‘I ran a total of 1,650 miles during pregnancy’

A total of 27 athletes have been selected for the Irish team for the European Cross Country Championships to be held in Samorin, Slovakia this weekend. Ireland has entries in senior men’s and women’s as well as in the U20 category. Fionnuala McCormack (Kilcoole) will make a record-breaking 15th appearance on Sunday.

 

Lizzie Lee of Ireland approaches the finish line during the Women's Marathon during the 2016 Rio Summer Olympics.

Q: How much running did you do during your pregnancy?

A: I ran up to 38 weeks and Alison arrived on her due date so I had two weeks before the birth when I didn’t run.

I said when I got to the point when I couldn’t run five miles I’d stop.

I ran a total of 1,650 miles during pregnancy, then swam 3K every day for the last two weeks before giving birth and for six weeks after.

Q: Did you have much weight to lose when you started back?

A: No, it took me a week to get back to normal weight and I think for most running moms, that’s not a problem. But while you’re at your normal weight, it’s not the normal figure because things have moved.

At the Olympics, I remember looking around the call room and you could tell who was a mom and who wasn’t because there’s still small little jiggly belly you get when you’re a mom and no amount of sit-ups can make it go back. But I’m proud that I have that.

Q: Did you target the European Cross Country once you started running again?

A: I had it as a target the day after I found out I was pregnant last year. I was out of the sport for so long and I had to motivate myself.

If you’re a female athlete who has a baby, you’re parking your career for a year and that is mental torture, it really is.

You’re so slow, so big, and you can’t do your favourite thing in the whole world. But I’m not moaning. It’s 110% worth it, but it’s challenging.

Q: Do you believe running helps with pregnancy?

A: Definitely. I had a very healthy, straightforward pregnancy and that’s not just
because my body was in a good place, but my mind.

A five-mile run sets you up for the day, it gives you endorphins, fresh air and you don’t feel sluggish. I’m also a big advocate for breastfeeding, and fed Alison before hopping in the car to go to Dublin to race nationals.

I thought to myself on the start line: how many other women on this line breastfed their babies this morning?

Q: What are the keys to returning to sport successfully after giving birth?

A: You’re very prone to injury in those first few weeks so you have to be so careful. The hormone relaxin is produced when you’re pregnant and hangs around for a good while after and it’s the reason you can’t do deep stretches or strenuous yoga because you could very easily tear a calf for hamstring.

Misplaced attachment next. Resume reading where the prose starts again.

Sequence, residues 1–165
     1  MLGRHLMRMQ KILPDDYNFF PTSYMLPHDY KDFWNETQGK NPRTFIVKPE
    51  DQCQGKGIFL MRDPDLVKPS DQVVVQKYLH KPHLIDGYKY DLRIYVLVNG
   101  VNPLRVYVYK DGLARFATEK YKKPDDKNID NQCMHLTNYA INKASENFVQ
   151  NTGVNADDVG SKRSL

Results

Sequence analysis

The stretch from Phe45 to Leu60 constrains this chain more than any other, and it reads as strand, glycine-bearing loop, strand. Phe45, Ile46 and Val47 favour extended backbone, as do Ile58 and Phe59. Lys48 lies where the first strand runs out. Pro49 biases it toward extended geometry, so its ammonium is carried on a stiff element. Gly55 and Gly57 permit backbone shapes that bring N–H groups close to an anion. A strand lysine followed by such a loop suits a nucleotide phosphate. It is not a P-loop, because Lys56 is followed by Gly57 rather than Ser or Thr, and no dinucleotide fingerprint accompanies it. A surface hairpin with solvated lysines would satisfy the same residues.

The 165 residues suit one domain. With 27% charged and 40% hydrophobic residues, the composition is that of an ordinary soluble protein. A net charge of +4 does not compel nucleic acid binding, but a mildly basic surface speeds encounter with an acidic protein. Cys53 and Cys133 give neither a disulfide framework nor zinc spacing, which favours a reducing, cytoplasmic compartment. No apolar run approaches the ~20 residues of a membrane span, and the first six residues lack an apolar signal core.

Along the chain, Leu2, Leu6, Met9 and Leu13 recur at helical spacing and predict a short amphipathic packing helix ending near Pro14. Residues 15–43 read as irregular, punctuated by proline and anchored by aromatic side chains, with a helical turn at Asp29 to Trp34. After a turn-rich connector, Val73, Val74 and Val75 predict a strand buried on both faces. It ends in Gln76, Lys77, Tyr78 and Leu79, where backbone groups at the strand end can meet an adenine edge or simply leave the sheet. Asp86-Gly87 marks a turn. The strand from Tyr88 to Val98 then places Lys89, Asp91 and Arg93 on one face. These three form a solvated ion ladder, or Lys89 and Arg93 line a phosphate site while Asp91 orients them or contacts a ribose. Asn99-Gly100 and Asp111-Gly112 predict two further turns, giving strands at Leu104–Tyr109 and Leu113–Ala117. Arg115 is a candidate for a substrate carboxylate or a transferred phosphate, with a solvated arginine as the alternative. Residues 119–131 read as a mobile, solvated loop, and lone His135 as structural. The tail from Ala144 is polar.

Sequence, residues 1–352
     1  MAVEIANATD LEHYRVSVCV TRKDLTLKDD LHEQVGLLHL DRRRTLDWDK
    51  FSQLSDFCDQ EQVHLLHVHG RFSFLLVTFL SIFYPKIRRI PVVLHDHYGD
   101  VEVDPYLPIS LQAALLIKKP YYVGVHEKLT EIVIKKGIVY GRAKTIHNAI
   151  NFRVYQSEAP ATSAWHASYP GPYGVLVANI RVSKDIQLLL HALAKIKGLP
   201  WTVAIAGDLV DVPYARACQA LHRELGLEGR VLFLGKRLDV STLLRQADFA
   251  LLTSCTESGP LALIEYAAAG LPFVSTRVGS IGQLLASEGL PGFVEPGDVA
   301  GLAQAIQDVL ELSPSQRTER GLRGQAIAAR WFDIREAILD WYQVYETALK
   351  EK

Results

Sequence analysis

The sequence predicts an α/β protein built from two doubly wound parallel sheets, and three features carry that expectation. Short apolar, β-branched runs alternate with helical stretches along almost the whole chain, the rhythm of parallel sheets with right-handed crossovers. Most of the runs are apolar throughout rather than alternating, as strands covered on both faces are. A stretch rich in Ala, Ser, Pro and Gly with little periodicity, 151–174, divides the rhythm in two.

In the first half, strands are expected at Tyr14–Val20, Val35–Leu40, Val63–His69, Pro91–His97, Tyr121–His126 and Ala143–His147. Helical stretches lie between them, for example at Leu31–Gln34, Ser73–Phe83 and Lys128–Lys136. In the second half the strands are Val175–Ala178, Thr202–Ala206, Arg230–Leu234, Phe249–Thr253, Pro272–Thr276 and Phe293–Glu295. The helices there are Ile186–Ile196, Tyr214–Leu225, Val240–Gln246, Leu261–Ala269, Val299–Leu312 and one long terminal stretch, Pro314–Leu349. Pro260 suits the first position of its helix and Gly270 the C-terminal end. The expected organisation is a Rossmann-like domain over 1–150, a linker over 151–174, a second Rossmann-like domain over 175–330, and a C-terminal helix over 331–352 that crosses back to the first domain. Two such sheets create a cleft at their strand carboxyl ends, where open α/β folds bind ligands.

You have to listen to every niggle. Three weeks after giving birth I started a strength and conditioning programme that Joe O’Connor wrote for me — just 20 minutes a day with no weights that I could do it in my pyjamas — but I couldn’t stand on one leg for two seconds.

That’s how back to square one you are. Your body is all over the shop. But after a few weeks, we did proper gym work with weights and I’m much stronger as a result.

Q: Many female athletes say pregnancy gave them a performance boost. Have you experienced that?

A: Yeah, there are a few reasons for it. You have increased cardiac output while
pregnant.

Your heart is working so much harder and it’s the same effect as going to altitude, then add on two extra stone and when you train on top of that it has a powerful effect.

There’s also what having a baby does for your mentality: you don’t sweat the small things. If you’ve a niggle you take a day off and get to spend the day with your baby instead.

Then there’s the motivation: you cannot describe the motivation when you’ve been away for a year then stand on a start line. Wild horses wouldn’t stop you.

Q: Deep down, did you expect to make to finish as high as fourth and make the European team?

A: A big part of me wanted to win but I had to be realistic. It was my first cross country race in 23 months.

I knew I trained well so I would have been disappointed not to be in the top 10, but I ran for that green vest. I wanted that to be me again, and to define me is running internationally.

Q: The last time you did that, of course, was in Rio [Lee finished 57th in the women’s marathon]. How do you reflect on that experience?

A: It was amazing from start to finish and exceeded all of my expectations. Every single day was so much fun.

I cannot describe standing on the start line in your country’s vest ready to run the Olympic marathon, standing beside Breege Connolly and the two of us just bricking it. It’s such a feeling of pride and emotion to have your friends and family on the course roaring at you.

After I came home I got a ring made with the Olympic rings and at least once a day I notice it and think to myself: ‘I can’t believe I got there.’

Q: Given that you’re as fast as ever, will Tokyo 2020 now be on the agenda?

A: Oh God, I really don’t know. I’m hoping to run a good half marathon in the spring then see what’s on the cards for [the European Championships in] Berlin. I’m 37, so I’ll take it year by year.

Q: What are your hopes for the European Cross Country? Could a team medal be on the cards again?

A: It’s a very good team, one of the strongest we’ve sent. I think what we need is to pack well to push others back.

We haven’t seen what Fionnuala [McCormack] is capable of this year, but even when we don’t think she’s in fantastic form she bangs out a fourth or fifth. She’s just incredible.

I’m getting fitter every week and the race last week blew the cobwebs off, so anything is possible. A medal is realistic but we need to run as a group.

We’re strong enough and not scared of anything.



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